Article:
For years, galleries, museums, and others to whom the the public has entrusted important cultural heritage works have leveraged CC0 as an internationally-recognized way to share digitized copies of works and the metadata that enables search. Europeana now boasts no fewer than 26,000 images under CC0, as well as more than 3.6 million works marked as public domain worldwide using our Public Domain Mark. The availability of CC0 as a means for digitizers of works in the public domain to eliminate any “thin” copyright on public domain works they digitize, or for individuals who wish to eliminate their own copyright, allows the global public to freely create and publish the next great thing. And the availability of the Public Domain Mark to signal a work is globally free of copyright restrictions further empowers creators to stand on the shoulders of those who created before them.

What’s the difference?
Using CC0, a creator enables the public to freely reuse and remix a work without limitation. This is because the author/creator waives all conditions including attribution (although citation is supported) and encourages others to reuse the work in any way, including commercially. We know that Creative Commons supporters, including many photographers in the Flickr community, have been seeking the ability to use CC0 on Flickr since it was was published almost exactly 6 years ago today. This also offers remixers clear and simple terms when seeking out a work to build upon. Many “no known copyright” images are too uncertain to build upon, while CC0 offers a clear dedication to free use and re-use. Once fully implemented, users will be able to move some or all of their works on Flickr to CC0.

The Public Domain Mark is used to denote works out of copyright or in the worldwide public domain. Developed with reference to “no known copyright” statements adopted by many leading cultural heritage institutions, including contributors to Flickr Commons, the PDM is the only mark of its kind, and the only widely-adopted and globally accepted mark that communicates a work’s public domain status worldwide.

Flickr’s leadership
We are very happy to recognize Flickr’s longstanding commitment to the Creative Commons licenses, their community of CC photographers/videographers, and to the public good that is our shared commons and heritage.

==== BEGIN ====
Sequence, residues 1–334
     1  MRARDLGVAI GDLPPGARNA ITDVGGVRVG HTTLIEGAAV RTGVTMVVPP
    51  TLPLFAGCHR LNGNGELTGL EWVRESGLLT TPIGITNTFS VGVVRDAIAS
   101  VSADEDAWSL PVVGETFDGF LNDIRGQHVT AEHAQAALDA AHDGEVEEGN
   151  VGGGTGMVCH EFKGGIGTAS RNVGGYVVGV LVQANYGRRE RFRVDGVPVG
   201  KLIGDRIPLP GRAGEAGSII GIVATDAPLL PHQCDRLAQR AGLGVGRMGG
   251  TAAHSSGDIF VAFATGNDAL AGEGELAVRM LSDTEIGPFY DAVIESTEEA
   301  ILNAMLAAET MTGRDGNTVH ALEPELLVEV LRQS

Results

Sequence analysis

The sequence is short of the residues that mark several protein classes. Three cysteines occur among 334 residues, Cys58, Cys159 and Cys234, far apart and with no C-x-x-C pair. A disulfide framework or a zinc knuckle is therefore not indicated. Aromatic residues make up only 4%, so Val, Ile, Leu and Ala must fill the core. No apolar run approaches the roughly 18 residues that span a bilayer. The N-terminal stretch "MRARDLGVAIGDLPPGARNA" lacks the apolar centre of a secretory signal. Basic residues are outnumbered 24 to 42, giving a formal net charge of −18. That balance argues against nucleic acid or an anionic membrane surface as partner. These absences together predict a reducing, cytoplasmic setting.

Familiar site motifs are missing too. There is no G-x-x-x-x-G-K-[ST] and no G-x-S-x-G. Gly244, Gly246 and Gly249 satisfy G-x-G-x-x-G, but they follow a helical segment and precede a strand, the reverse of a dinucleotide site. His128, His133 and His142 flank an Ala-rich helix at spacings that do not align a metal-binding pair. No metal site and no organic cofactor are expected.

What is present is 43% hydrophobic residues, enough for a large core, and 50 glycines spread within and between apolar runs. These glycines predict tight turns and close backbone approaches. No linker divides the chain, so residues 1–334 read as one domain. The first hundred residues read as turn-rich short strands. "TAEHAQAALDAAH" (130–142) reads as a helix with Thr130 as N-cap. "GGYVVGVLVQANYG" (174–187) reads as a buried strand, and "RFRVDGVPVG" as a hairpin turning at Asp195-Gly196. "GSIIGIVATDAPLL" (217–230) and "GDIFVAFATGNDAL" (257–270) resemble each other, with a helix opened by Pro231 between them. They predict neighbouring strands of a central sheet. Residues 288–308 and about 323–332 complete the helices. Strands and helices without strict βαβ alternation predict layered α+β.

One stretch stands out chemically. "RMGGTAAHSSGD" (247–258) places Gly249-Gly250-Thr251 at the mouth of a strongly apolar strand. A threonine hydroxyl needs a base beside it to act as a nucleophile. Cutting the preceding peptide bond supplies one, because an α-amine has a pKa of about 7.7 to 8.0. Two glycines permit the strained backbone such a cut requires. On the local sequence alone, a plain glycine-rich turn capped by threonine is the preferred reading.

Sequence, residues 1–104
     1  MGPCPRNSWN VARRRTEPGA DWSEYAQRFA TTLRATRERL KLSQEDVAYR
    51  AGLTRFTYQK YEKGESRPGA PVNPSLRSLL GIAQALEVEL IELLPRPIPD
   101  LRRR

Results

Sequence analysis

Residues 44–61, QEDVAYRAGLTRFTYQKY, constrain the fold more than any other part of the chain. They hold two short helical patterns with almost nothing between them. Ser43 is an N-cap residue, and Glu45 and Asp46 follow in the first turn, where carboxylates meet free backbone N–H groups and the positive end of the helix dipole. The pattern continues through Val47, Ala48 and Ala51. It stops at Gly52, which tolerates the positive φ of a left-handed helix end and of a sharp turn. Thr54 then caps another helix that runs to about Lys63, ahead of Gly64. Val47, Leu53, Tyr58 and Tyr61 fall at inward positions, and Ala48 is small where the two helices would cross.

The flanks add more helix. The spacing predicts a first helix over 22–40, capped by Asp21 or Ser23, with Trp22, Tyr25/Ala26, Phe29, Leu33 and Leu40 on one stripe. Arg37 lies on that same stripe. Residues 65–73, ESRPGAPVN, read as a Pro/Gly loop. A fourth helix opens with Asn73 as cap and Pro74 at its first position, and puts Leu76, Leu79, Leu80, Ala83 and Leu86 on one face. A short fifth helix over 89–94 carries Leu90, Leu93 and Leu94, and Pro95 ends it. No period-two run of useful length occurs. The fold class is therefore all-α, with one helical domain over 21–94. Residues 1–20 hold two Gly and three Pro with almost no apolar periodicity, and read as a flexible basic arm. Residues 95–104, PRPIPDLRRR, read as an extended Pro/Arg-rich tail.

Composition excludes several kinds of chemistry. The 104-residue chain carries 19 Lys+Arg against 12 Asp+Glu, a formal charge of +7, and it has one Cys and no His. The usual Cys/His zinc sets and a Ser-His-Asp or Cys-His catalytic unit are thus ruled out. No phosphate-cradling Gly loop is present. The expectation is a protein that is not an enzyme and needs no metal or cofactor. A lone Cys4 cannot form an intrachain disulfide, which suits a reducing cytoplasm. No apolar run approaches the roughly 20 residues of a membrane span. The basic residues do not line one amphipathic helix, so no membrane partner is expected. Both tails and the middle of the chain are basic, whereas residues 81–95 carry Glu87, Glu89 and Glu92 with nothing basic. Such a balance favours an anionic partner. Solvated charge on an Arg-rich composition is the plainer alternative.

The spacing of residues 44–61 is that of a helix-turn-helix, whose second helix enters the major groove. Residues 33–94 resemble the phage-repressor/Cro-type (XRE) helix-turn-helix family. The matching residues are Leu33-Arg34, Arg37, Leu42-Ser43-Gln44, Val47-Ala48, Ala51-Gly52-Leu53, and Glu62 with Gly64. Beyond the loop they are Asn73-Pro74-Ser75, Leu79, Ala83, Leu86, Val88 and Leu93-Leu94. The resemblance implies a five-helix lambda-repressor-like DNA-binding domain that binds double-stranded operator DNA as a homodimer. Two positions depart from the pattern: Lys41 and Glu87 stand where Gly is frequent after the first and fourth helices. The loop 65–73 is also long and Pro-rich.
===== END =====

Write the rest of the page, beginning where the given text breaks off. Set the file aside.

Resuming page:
Incorporating CC0 and PDM into Flickr has been a long term wish of ours, and we’re happy to see it happen today. There were many who helped along the way, but special thanks to CC General Counsel Diane Peters and also to Jane Park, who now leads CC’s platform engagement team.

We anticipate that Flickr’s stewardship of CC-licensed content and public domain materials will continue to grow now that users can take advantage of the full breadth of our legal tools.

How Articles Get Noticed and Advance the Scientific Conversation

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By Victoria Costello, PLOS Senior Social Media & Community Editor

The good news is you’ve published your manuscript! The bad news? With two million other new research articles likely to be published this year, you face steep competition for readers, downloads, citations and media attention — even if only 10% of those two million papers are in your discipline.

So, how can you get your paper noticed and advance the scientific conversation? 

One word: Tweet.

A Tweet (n.) is an online communication of no more than 140 characters (often containing links), transmitted on the public “social network” known as Twitter. When you Tweet (v.), you enter a conversation of Twitter users.  

In a PLOS BLOGS guest post, Gozde Ozakinci (@gozde786), a lecturer in health psychology at the University of St. Andrews, Scotland, offered an exemplary use of Twitter in a research workflow.

I dip in and out during the day and each time I have a nugget of information that I find useful. I feel that with Twitter, my academic world expanded to include many colleagues I wouldn’t otherwise meet. … The information shared on Twitter is so much more current than you would find on journals or conferences.

Of course, Ozakinci and her Twitter-savvy colleagues are still the minority among academic researchers.

An odd coupling, with baggage

To most scientists, for whom an initial meeting with Twitter is the opposite of love at first sight, this conversation may as well be happening on another planet. At first glance, they find Twitter facile, a time suck, beneath them — and go no farther. Missing from this dismissive view is an understanding of Twitter as a neutral medium for communication (280 mil monthly users) that is quickly gaining currency among a leading edge of researchers who are exchanging science news and information, data files, feedback on articles, methods, tools, jobs, grants and more — across continents and disciplines.